Here we are again, the Alpha DOG Blog, with a this week’s top four:
1. Holidays. I don’t know about you, but sometimes I get lost with all the dog holidays out there. Every week or two there is holiday in honor of man’s best friends. Some of these have great importance like, “Pet Appreciation Week” (June 7) or “Adopt a shelter dog month” (October). Some seem to be obvious like, “Be kind to Animals Month,” (May) – shouldn’t they change the name to “Be Kind to Animals all the time”? Some are especially awesome like, “Don’t Step in the Poop Day” (April 25; video). What a great holiday and a great reminder – because without it, people would just step in poop all day!
May is “National Asthma and Allergy Awareness Month” (read about it here). Apparently, many pet owners are allergic to their own pet, myself included (sorry for sneezing so much Charlie.) The good news is this doesn’t necessarily mean you need to get rid of your pet. (Read about pet allergy solutions here)
What are your favorite dog holidays? Share with us in the comments.
2. Colors. Often people mention DOGTV looks a bit odd to them, due to the coloring process we’ve done. This is indeed a key aspect of our content, but it does seem to puzzle people. We’ve been receiving many emails from people wondering – aren’t dogs color blind? In what way does DOGTV look better to dogs than “regular” TV?
These are great questions because understanding how dogs see the world and in which colors, helps us design the best visual world for them on DOGTV.
Yes, dogs are color blind. But this doesn’t mean they see the world in black and white. In fact, dogs are not much different than people who are color blind. They see color, but not in the same intense and rich ways most of us do. Both humans and dogs have special receptors in the eye called cones. Dogs have fewer cones than humans, which means their color vision is not as intense. Humans have three types of cones which enables them to see all colors. Dogs, on the other hand, only have two types of cones, which prevents them from seeing all colors. Dogs see the world mainly as yellow, blue and gray. They are deuteranopes, which means they have red green color blindness.
Knowing what colors dogs can see enables us to eliminate certain colors and play up others through an in-depth coloring process. While editing our programs, we always work with two different monitors: a human monitor and a dog monitor – this enables us to see the world as a dog would, and make sure the content is clear and beautiful for them to enjoy.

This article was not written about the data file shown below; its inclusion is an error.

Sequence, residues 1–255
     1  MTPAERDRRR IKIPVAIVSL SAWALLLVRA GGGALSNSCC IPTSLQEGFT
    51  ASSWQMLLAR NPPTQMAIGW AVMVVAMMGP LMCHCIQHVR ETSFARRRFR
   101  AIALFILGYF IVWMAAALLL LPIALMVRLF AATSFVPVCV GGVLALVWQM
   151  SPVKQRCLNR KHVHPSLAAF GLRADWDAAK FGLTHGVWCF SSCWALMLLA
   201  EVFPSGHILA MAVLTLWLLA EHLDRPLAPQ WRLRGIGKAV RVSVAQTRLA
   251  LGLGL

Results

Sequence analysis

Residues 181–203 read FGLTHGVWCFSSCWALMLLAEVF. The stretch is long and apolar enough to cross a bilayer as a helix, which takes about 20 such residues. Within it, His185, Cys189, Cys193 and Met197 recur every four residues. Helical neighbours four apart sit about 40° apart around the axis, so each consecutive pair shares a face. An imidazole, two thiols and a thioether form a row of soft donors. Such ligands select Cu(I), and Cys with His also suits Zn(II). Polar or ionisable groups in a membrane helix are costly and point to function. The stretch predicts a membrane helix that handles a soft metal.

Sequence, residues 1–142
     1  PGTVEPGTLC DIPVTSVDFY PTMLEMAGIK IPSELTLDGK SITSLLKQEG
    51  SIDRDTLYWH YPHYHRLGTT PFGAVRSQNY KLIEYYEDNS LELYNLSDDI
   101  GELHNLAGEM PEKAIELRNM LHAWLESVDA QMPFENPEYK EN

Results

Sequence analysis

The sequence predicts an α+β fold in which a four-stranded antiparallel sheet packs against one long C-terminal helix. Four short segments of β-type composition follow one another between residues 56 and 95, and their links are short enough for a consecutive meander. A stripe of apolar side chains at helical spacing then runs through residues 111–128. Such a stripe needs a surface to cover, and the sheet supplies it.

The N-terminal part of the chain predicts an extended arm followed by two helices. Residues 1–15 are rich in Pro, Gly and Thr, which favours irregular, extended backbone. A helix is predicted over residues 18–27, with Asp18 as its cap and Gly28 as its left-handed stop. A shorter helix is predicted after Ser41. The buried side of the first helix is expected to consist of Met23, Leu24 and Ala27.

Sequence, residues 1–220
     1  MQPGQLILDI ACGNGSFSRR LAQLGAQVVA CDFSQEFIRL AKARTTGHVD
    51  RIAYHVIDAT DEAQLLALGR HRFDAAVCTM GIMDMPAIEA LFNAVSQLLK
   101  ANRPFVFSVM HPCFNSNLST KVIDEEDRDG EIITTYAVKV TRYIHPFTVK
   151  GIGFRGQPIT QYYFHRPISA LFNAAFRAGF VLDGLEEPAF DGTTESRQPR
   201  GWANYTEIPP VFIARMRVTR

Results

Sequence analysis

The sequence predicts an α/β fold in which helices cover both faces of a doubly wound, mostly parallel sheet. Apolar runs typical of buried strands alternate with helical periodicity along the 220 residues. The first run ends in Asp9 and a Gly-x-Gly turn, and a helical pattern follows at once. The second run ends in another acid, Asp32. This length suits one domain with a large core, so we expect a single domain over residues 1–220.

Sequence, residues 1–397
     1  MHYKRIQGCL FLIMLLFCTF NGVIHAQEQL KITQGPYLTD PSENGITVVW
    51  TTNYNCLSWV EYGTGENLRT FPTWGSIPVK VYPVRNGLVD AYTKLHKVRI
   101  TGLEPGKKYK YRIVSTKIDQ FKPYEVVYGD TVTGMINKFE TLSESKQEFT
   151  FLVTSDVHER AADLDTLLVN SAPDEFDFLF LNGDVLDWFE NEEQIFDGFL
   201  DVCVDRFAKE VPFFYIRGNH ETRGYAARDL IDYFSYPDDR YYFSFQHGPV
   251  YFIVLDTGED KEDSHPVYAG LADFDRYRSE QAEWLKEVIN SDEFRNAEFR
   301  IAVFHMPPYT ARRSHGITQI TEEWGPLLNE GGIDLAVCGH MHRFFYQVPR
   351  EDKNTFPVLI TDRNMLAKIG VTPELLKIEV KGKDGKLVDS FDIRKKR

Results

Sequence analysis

3. Cars. We received the following email this week: “Hi DOGTV. What’s your obsession with cars? Why are you showing so many cars, traffic and car rides in your programs?” (Nancy, LA).
Well, Nancy, thanks for asking. Trust me, you’re not the only one to ask. Apparently, riding in a car is one of the most common fears dogs suffer from. They can also be frightened and anxious by street noises, loud car honks and many other unfamiliar noises. Through DOGTV’s “Exposure” segments, we are trying to habituate dogs to these possibly scary situations by introducing various sounds (vacuum cleaners, thunderstorms) and visuals (riding in a car, babies) to the dog. By gradually increasing the volume of these exposure segments, dogs should acclimate to them. This is called “desensitization,” which is the diminished emotional responsiveness to a negative or aversive stimulus after repeated exposure to it.
Our exposure segments were developed under the supervision of Prof. Nicholas Dodman, world-renowned animal behaviorist. To your answer your question Nancy, here is what he had to say about exposure to street noise:
“Some dogs become almost agoraphobic when it comes to walking down a busy, noisy street. We call their refusal to go outside or freezing and refusing to move forward, “balking.” If such dogs can be gradually acclimated to the sounds of a city street they should eventually be able to take them in their stride (so to speak). Gradual exposure to outside sights and sounds will acclimate the dog to them and make going outside a less intimidating proposition”.
And here is his expert insight on fear of riding in cars:
“Dogs who are frightened of car travel often get this way for a good reason – at least in their own minds. Owners should ensure that frightening experiences in the car are addressed and avoided and then gradually expose the dog to car travel using baby steps. Don’t rush it. DOGTV can help with these baby steps by showing the dog images of cars and car travel being experienced by happy confident dogs to the background of sooth, calming music.”
I wish you and your dog safe and relaxing travels.
4. News. During the past three months, since the San Diego launch of DOGTV, we’ve been getting many great pictures and videos of dogs watching DOGTV. I love watching these videos on YouTube, seeing how well dogs respond to the channel and how happy they are. It’s also great to see that not only are dogs are discovering television, they are also discovering iPads and computers. This is in part due to our online streaming service that brings DOGTV straight to your Internet-connected devices. Maybe it’s time for doggy computers? iDog? Perhaps not, but it’s still pretty cool to watch.
This week we viewed something really different: a dog watching a news report about DOGTV. I promise you, you’ll love this one!